A codicil is a document that amends your last will and testament to account for changes that have occurred since you executed the original document. Many times, it may not be necessary to create an entirely new will when only one or two provisions require change.

However, there could be disadvantages to using codicils in Wheaton, and it is essential to follow correct procedures to ensure that a codicil fulfills the intended purpose. Many people find it beneficial to work with an experienced wills lawyer when preparing a codicil or otherwise changing provisions in a will. An attorney could help ensure that the document complies with legal requirements and accounts for changes in both law and circumstances.

Reasons for Codicils

Many wills are complex documents with lengthy provisions establishing trusts and providing for varying degrees of contingency. When an individual needs to make a single change or add a simple feature, it may be easier to make that change through a codicil rather than reworking the entire instrument.

Codicils in Wheaton are often used to:

  • Include children born after a will was created
  • Appoint a new executor and revoke the prior appointment
  • Revoke bequests that are no longer necessary or desirable
  • Add bequests not anticipated before the will was executed
  • Appoint a new beneficiary to receive the remainder of an estate and revoke the previous beneficiary
  • Name or change the guardian for minor children

Depending on the reason for the change, an attorney may advise creating a new will rather than creating a codicil for the prior document.

Requirements to Amend a Will

The testator who created a will cannot make valid changes simply by adding words to the existing document, even if those changes are made personally by the testator in their own handwriting. Instead, it is necessary to follow the requirements set forth in 755 Ill. Comp. Stat. §5/4-9.

Codicils in Wheaton must be made by the testator or at the testator’s direction in the testator’s presence. The document must be signed and witnessed in the same manner as a full will. This means that the testator must be of sound mind, the testator must sign the document or direct someone to sign, and two credible witnesses must also sign the document.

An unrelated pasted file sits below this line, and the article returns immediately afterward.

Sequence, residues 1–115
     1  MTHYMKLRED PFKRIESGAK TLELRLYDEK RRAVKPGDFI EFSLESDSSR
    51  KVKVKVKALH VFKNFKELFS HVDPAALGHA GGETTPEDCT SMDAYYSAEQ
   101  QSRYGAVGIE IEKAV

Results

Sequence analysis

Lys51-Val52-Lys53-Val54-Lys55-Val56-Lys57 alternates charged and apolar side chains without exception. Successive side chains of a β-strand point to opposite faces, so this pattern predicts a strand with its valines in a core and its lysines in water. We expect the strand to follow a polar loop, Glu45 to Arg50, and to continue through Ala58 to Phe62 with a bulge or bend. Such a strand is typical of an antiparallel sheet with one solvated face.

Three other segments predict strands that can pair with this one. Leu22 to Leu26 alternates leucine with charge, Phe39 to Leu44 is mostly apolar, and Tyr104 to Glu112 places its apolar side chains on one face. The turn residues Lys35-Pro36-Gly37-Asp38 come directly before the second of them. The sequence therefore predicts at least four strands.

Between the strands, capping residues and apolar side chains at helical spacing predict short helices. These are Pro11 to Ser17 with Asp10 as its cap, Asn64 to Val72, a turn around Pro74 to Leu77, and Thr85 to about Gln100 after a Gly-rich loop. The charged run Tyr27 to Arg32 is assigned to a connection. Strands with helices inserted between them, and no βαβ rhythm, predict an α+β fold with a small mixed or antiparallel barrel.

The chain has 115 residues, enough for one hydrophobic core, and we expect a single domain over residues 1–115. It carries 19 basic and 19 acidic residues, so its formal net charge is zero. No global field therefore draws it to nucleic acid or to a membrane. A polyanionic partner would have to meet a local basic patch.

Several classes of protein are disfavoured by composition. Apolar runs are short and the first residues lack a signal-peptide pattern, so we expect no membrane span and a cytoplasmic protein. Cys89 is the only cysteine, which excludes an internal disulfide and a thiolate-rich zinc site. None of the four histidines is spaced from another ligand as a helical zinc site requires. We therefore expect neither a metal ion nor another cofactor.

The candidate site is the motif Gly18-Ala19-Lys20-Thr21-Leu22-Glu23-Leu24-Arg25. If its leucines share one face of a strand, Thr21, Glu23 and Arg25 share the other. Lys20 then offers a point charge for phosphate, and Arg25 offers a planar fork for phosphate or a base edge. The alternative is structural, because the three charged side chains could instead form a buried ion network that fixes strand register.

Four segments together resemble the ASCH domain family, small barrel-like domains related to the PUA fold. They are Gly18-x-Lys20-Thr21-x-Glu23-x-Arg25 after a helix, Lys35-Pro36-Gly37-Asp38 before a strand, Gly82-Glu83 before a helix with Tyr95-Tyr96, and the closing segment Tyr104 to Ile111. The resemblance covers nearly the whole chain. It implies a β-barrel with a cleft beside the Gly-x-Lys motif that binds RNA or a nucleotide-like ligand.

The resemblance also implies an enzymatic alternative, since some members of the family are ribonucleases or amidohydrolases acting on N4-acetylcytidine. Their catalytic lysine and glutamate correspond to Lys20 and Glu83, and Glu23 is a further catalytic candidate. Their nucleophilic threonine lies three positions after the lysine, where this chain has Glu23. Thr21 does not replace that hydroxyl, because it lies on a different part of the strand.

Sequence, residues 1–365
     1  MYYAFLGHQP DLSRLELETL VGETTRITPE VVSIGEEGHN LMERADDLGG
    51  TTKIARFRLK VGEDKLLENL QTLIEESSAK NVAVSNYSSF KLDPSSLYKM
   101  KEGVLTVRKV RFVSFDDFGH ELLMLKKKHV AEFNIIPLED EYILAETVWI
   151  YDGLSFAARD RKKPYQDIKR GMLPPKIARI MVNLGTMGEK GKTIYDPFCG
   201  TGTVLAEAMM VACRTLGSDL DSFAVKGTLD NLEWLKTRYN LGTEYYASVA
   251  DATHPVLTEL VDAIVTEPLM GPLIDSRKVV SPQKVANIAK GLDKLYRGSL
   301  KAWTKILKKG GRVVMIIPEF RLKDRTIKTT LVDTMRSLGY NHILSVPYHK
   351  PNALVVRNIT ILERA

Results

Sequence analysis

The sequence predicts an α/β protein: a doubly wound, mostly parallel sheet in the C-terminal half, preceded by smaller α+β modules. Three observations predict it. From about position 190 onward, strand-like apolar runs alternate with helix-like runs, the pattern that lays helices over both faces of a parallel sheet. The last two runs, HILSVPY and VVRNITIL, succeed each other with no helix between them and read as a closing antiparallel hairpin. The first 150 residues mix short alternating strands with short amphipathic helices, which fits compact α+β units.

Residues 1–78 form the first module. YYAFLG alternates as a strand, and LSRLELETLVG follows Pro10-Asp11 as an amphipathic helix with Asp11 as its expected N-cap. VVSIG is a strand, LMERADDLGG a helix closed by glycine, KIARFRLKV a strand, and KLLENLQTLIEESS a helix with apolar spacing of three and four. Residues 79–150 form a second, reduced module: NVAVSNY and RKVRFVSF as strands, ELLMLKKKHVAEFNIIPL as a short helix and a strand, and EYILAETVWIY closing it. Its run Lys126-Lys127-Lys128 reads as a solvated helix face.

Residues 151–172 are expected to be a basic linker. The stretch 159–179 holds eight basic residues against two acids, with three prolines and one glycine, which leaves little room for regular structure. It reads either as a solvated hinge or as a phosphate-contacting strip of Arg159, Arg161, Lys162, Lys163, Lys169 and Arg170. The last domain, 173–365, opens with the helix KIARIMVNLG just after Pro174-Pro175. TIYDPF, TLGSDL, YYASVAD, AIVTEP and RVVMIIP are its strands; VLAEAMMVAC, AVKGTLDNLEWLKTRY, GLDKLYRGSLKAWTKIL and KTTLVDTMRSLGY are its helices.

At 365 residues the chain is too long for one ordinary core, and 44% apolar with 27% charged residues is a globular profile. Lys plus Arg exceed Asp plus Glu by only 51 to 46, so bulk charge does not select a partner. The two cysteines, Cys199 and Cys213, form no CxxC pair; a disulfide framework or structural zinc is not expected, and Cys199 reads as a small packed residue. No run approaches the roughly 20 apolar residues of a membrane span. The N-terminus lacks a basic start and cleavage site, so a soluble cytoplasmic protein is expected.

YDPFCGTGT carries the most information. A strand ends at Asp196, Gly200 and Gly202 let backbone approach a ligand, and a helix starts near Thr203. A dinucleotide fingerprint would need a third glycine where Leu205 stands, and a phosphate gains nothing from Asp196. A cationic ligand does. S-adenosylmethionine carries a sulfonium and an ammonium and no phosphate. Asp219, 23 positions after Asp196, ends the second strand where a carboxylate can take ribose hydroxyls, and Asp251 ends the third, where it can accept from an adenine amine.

Problems with Codicils

People have long since used codicils to amend wills. However, a codicil may not always be the best way to make a change.

Because a codicil is a separate document, there is always a risk that a codicil could be lost or invalidated, and then the desired changes would not take effect. In addition, reading the original will and the codicil together could create inconsistencies that could cast doubts on interpretation.

If the desired changes are instead incorporated in a new will that expressly revokes the older will, the potential for these problems could be eliminated. An estate planning lawyer could determine whether it makes more sense to use codicils in Wheaton or establish a new will.

Assistance with Codicils

It is wise to treat codicils with the same respect as a full last will and testament. A will may have many codicils, so it is important to keep track of all documents and preferably keep them together. It is also essential to ensure that codicils in Wheaton are executed with proper formalities or they may be considered invalid.

Improper amendments to a will could make the entire document invalid, so it is wise to take care when creating a codicil or amending a will in any way. Advice from an experienced attorney could prevent mistakes that lead to ambiguity and potential challenges in the future.